Students should know that it isn’t their fault that there are some very strange people in the world. Students should not be ashamed to tell somebody about any disturbing, threatening, weird or frightening behaviour you encounter in chat.

People aren’t anonymous online, and with the right info saved, they can be traced by the Police and dealt with.


Never arrange to meet with someone you have met online unless your parents go with you. If you are meeting them make sure it is in a public place.

Young people may need to delete your current e-mail accounts, cell phone/pager accounts and set up new ones.  If they have persistent cyberbullying problems, it is recommend that they do this as soon as possible, unless they are working with the police and their Telecommunications Provider to keep the account (s) active to try and catch the cyberbully. is currently in discussions with various Internet Service Providers (ISPs) and Mobile Service Providers (MSPs) to address these issues.


Youth Solutions–If being cyberbullied:

1. Do not respond/engage to the abuse.

2. Tale to someone about it. Ignoring bullying often leads to it becoming worse.

3. Keep records/print off messages if possible, to help identify bully.

4. If necessary get a new number, account, give it out one person at a time and keep a diary to record any abuse. Your tormenter may be closer than you think.

5. Take a break–Unplug.

Parent Solutions–If your child is being cyberbullied.

1. Make a more “talkable” subject.

2. Place and keep the computer in an open, common area.

3. Inform Internet Service Provider (ISP) or cell phone service provider of abuse.

4. Do not erase messages; keep for evidence.

5. Software help–McAfee Parental Controls filter both IM and Chat Rooms. Tracker programs.


1. Amend anti-bullying policies to include text messaging, cell phone use and online bullying.

2. Make a commitment to educate teachers, students and parents about cyberbullying.

3. Make sure parents know whom to contact at the school if there is a problem.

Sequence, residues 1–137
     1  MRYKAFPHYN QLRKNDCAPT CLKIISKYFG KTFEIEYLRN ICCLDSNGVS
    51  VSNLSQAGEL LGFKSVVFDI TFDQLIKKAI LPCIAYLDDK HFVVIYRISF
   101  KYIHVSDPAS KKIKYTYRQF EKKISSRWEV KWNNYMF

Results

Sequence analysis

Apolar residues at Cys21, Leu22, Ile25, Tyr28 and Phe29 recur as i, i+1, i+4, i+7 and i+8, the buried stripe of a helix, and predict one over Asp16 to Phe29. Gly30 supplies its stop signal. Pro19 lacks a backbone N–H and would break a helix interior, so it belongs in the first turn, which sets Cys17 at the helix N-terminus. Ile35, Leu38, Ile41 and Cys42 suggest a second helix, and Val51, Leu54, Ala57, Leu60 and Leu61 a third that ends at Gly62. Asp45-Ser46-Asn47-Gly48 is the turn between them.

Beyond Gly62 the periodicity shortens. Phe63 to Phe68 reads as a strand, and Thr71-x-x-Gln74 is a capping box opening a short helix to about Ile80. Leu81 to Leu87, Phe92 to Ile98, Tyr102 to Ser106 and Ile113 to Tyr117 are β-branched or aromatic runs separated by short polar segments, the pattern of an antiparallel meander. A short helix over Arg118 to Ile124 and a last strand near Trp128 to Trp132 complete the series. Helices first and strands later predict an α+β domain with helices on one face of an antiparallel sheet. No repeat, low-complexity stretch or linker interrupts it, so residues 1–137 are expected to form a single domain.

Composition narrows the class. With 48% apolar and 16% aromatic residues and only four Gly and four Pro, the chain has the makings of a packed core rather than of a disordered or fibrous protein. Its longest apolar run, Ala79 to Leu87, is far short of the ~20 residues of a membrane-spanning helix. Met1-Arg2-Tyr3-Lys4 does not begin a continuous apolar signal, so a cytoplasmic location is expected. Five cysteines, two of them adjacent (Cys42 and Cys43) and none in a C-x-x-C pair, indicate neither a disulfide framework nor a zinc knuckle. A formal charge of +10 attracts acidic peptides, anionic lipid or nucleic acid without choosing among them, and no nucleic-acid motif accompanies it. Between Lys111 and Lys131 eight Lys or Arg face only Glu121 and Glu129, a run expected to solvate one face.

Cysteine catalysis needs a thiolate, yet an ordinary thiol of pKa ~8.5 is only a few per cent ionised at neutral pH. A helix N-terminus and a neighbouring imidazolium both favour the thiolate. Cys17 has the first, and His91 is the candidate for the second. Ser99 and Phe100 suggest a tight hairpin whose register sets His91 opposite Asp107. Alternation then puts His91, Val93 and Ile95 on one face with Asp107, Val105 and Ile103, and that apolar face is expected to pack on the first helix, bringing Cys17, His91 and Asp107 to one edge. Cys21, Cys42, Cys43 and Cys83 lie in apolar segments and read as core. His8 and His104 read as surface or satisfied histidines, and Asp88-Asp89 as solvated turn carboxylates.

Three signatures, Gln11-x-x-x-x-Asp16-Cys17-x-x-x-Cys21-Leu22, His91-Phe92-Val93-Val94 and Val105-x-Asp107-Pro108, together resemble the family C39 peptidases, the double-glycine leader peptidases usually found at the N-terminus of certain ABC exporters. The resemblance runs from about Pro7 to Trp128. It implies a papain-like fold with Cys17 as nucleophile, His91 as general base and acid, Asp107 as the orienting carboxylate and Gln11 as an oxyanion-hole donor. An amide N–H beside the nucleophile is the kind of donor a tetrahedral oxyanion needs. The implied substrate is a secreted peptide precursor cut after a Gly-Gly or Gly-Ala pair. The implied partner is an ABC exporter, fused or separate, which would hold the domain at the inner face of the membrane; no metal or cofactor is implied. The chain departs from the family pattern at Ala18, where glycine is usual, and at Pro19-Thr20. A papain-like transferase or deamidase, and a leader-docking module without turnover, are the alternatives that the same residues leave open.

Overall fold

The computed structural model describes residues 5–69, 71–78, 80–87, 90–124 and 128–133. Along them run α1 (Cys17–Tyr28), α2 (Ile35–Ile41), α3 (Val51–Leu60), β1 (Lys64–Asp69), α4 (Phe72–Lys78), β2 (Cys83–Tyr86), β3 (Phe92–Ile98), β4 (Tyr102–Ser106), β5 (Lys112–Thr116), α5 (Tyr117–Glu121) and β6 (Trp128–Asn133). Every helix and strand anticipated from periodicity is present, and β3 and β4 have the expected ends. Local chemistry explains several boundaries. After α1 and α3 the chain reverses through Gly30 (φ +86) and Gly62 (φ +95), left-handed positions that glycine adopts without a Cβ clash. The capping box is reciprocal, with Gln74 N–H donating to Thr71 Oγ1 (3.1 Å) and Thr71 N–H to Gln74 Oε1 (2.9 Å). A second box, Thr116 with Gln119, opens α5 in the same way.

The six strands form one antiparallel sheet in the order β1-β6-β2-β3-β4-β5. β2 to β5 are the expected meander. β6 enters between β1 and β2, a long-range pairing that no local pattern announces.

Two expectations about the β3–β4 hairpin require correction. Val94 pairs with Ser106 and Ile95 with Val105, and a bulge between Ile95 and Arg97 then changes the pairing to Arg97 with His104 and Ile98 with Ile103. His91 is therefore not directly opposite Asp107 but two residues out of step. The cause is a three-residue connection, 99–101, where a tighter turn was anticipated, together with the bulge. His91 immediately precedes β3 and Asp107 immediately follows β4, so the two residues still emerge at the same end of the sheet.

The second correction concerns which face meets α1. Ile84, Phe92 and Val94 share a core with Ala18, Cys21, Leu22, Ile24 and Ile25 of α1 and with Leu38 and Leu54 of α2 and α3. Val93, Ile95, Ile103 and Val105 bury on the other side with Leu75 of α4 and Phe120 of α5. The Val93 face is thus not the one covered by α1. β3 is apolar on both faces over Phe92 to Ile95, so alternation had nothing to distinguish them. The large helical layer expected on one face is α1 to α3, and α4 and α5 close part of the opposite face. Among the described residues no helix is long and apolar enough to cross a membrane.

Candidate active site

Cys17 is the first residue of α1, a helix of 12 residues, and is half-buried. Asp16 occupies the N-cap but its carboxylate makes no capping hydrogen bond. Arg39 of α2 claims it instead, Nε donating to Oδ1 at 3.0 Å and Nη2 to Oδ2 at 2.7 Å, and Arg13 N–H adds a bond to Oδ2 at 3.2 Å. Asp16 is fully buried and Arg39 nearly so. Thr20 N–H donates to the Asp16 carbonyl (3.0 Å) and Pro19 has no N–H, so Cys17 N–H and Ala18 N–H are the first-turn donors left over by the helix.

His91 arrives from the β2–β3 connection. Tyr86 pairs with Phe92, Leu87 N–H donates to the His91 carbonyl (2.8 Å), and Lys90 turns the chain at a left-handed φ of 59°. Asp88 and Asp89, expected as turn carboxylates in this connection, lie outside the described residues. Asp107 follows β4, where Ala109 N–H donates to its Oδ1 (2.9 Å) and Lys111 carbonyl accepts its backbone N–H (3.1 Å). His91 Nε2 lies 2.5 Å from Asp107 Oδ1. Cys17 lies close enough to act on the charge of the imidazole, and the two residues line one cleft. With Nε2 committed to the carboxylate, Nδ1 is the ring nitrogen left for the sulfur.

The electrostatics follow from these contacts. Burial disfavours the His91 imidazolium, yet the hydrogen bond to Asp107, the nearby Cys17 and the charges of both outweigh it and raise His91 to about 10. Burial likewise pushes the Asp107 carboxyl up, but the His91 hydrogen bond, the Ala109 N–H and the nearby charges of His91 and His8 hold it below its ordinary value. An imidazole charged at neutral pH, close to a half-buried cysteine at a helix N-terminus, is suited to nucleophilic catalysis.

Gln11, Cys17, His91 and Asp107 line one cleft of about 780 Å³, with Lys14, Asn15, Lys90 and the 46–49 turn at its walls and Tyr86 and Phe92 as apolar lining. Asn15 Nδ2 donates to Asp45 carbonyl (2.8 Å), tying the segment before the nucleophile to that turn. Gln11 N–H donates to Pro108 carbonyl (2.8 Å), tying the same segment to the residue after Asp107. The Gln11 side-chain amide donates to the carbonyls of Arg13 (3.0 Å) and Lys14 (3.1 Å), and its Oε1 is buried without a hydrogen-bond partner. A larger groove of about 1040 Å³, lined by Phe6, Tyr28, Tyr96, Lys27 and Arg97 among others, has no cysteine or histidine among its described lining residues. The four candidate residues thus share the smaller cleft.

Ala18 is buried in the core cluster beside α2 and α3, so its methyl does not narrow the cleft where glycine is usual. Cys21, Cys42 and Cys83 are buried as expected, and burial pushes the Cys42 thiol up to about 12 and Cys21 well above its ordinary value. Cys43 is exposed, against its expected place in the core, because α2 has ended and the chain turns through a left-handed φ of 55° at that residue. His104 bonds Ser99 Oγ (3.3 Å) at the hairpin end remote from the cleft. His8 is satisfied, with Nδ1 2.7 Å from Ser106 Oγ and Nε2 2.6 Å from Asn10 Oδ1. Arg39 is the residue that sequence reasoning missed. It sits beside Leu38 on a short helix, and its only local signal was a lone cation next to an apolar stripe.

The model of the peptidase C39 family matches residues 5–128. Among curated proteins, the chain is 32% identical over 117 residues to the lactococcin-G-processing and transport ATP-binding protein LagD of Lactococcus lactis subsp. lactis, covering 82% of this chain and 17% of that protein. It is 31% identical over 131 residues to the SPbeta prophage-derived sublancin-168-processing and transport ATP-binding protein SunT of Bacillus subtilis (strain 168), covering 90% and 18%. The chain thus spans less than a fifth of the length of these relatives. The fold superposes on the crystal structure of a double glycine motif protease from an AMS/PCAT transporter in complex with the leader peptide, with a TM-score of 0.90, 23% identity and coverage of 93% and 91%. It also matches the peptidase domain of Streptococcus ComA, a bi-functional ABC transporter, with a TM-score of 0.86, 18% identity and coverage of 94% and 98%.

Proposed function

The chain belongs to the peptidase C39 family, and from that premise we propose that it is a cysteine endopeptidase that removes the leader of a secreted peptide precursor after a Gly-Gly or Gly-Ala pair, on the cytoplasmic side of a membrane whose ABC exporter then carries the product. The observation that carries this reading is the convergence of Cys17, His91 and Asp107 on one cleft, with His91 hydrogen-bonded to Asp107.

4. Never allow a known incident of bullying to pass unchallenged and not deal with it.

5. We need to “Walk the Walk” of positive, respectful online communication and behaviour in our schools and not simply “Talk the talk”. We need to strongly encourage teachers and students to become engaged in collaborative, international projects where there is a well-established, mutually respectful online community with a solid track record in education. One outstanding example of this is iEARN, the International Education and Resource Network, iEARN has over one million k-12 student and teacher members in over 110 countries around the world, all of whom share iEARN’s vision of “Connecting youth and making a difference!” Schools participate in students and teacher-created projects that not only relate to curriculum, they also serve iEARN’s vision of helping to make our world a better place in which to live.


How do I take a screenshot of offensive content?

A screenshot is a like a photograph of your screen. It captures everything that you can see on your screen at the press of a key and is useful for recording details you might want to report.

  • Have the information you wish to record open on your screen and press the PrintScn / SysRq key on your keyboard. The image is now saved in a temporary memory.
  • Open a new Word document, right click your mouse and select Paste to insert the screenshot.*
  • Make a note of the date, location, e-mail address, name (nickname or real name) and any other information that you think might be useful and then Save the file. * The screenshot can be inserted into any program that accepts images.

How do I save an address in Groups?